Alcohol Overdose Can Happen Fast
How Alcohol Overdose Works
The alcohol a person drinks normally passes through filtration before entering the bloodstream. The amount of alcohol in the bloodstream is referred to as the blood alcohol content (BAC). When a person drinks too much, the filtration system can become overwhelmed and the blood becomes saturated with alcohol. And when that happens, normal body functions slow down and become impaired. The person can’t speak normally, walk normally or reason normally.
Risk Factors for Alcohol Overdose
Many factors influence the amount of alcohol needed to reach the toxic BAC level of alcohol poisoning (alcohol overdose). Things that can affect the danger point are:
- Gender – men metabolize alcohol more rapidly than women
- Age – older people will metabolize alcohol more slowly than younger people, although underage drinkers are the most apt to binge on alcohol (five drinks or more)
- Drinking history or experience
- Amount of food eaten – drinking water and eating food can help slow down toxic effects of alcohol
Typically, the more a person drinks, the higher their blood alcohol level becomes. And as BAC rises, body function goes down while potential dangers rise. It doesn’t take much of a rise in BAC for the body to show signs of trouble. Clumsiness is often laughed about, but reduced coordination is a sign that the brain is having trouble communicating with the body. Brain impairment also explains why a drinking person’s speech may start to slur. And while the body is struggling to perform basic requirements, alcohol is also clouding sound reasoning. The person feels more inclined to take risks at a time when their body is least able to respond to danger.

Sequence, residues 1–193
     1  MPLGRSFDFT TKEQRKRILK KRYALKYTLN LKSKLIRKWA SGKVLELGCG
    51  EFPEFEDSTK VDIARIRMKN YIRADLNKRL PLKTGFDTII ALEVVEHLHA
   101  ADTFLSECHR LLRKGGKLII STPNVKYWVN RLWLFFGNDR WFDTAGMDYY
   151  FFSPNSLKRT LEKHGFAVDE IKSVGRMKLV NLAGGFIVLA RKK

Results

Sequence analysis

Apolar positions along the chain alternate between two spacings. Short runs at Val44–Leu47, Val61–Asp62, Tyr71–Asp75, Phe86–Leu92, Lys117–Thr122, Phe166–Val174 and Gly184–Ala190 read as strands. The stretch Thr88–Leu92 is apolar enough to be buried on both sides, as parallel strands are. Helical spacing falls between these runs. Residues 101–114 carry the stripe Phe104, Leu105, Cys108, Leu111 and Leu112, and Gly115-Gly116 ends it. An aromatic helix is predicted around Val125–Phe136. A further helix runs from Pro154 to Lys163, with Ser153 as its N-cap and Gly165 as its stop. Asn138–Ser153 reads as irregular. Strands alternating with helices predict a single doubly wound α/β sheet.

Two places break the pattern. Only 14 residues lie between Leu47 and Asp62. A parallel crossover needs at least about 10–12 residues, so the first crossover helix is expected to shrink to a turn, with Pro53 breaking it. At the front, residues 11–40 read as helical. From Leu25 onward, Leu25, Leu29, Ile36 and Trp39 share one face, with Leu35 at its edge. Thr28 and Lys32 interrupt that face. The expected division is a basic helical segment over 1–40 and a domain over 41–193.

People who ignore these signs and continue drinking run the risk of overloading their body with more alcohol than it can filter. When the blood becomes too saturated with alcohol the brain starts telling important systems to shut down. Remember that alcohol is a depressant. This is why it makes drinkers feel relaxed. But with too much alcohol the heart may stop beating, the lungs stop breathing or temperature regulation may be compromised.
It’s tempting to believe that if the person passes out, danger has been avoided, but that isn’t the case. Alcohol may still be in the person’s gut, and if so, it will continue to enter the bloodstream, further raising the BAC level. In addition, if the body tries to rid itself of alcohol through vomiting while the person is unconscious, it is possible for the drinker to choke on the vomit.